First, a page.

Healthy Kids, Healthy Schools
Poor health care for students means lower performance in school.
By Kristen Loschert
You wouldn’t think a regular dental checkup could mean the difference between life and death. But that was the case earlier this year for 12-year-old Deamonte Driver, a seventh-grader in Prince George’s County, Maryland. What started as a tooth infection, which a dentist could have corrected with a routine tooth extraction, ultimately led to a fatal brain infection for the boy. But Driver never saw a dentist—by the time his family found a provider who would accept Medicaid, their insurance coverage was cancelled.
Nationwide, 9 million children do not have health insurance, and many others lack access to medical and dental care. Most are from lower-income families. Research shows that the uninsured are less likely to receive the routine health and dental checkups most families take for granted. In fact, 28 percent of uninsured children do not have a usual place for medical care, compared with just 2 to 3 percent of children covered by private and public insurance programs, according to the Kaiser Family Foundation.
While the lack of preventative medical care does not always have fatal consequences, it does impact a child’s overall well-being, along with his or her performance in school.
In general, lower-income children are in poorer health than middle-class children, a situation that contributes to academic disparities between poor and affluent students, says Richard Rothstein, an analyst with the Economic Policy Institute, in his book Class and Schools.
For instance, low-income children with asthma are 80 percent more likely than middle-class students to miss seven or more days of school a year as a result of their disease because their symptoms go untreated more often, Rothstein says. To add to the problem, low-income families often simply can’t find a doctor who will see them consistently.
“There are very few primary care physicians located in low-income communities,” Rothstein explains. “Health insurance entitles families to emergency care for their children, but does not, practically speaking, lead to the routine and preventative care that middle-class families take for granted.”
A study in California, for example, found that high-poverty urban neighborhoods with high concentrations of minority residents had just one primary care physician for every 4,000 residents. More affluent White neighborhoods, meanwhile, had one doctor for every 1,200 residents.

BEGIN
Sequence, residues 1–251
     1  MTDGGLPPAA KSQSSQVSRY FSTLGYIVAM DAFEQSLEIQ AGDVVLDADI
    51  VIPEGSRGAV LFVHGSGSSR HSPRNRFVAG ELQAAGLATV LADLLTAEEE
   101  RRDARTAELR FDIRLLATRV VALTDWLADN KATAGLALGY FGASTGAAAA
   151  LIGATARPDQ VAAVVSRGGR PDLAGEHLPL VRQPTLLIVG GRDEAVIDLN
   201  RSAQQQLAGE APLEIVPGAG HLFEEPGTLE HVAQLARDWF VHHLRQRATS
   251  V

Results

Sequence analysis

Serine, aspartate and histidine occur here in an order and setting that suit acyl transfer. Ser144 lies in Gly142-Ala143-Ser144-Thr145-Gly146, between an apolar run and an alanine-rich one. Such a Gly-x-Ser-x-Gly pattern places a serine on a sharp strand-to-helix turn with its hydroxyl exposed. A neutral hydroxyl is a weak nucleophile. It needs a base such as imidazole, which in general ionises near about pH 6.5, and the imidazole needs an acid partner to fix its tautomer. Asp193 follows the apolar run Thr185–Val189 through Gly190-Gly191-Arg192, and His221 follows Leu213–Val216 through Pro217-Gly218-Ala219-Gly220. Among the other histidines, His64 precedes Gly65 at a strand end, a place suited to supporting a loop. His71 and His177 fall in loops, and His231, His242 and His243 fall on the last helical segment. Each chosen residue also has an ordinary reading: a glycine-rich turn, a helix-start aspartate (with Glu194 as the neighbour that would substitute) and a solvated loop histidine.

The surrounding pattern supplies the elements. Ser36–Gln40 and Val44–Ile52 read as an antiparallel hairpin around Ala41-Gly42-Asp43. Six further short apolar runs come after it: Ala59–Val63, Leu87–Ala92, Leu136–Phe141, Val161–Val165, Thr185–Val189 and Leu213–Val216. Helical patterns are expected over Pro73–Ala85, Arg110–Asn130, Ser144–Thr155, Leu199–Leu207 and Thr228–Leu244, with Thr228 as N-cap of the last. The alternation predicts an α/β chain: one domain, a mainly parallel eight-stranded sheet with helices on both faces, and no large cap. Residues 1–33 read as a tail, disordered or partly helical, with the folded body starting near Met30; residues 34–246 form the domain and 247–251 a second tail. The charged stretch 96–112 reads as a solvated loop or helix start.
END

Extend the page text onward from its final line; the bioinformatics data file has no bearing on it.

“Poor children lose 30 percent more days from school than the non-poor, on average,” Rothstein writes in his book. “The difference in school attendance, attributable to differences in access to health care alone, causes a difference in average achievement between black and white children. Good teaching can’t do much for children who aren’t in school.”
Publicly subsidized insurance programs, like Medicaid and the State Children’s Health Insurance Program (SCHIP), have improved health care access for roughly 34 million children. (Medicaid covers children living at or near the federal poverty level, while SCHIP covers low-income children ineligible for Medicaid.) A Kaiser Family Foundation report even found that children enrolled in SCHIP showed improved school attendance, greater attention in class, and increased participation in school activities. But federal funding for the 10-year-old SCHIP was due to expire September 30, and at press time, the President was threatening to veto efforts by Congress to expand the program.
“Working people who don’t have health insurance tend to be in the lower-income bracket and couldn’t afford coverage even if their employers offered it,” explains Carol Malone, senior health care specialist in NEA Collective Bargaining and Member Advocacy. “SCHIP targets those children.”
As part of the National Coalition on Health Care, NEA supports national health care reform, including better, more accessible health care for all.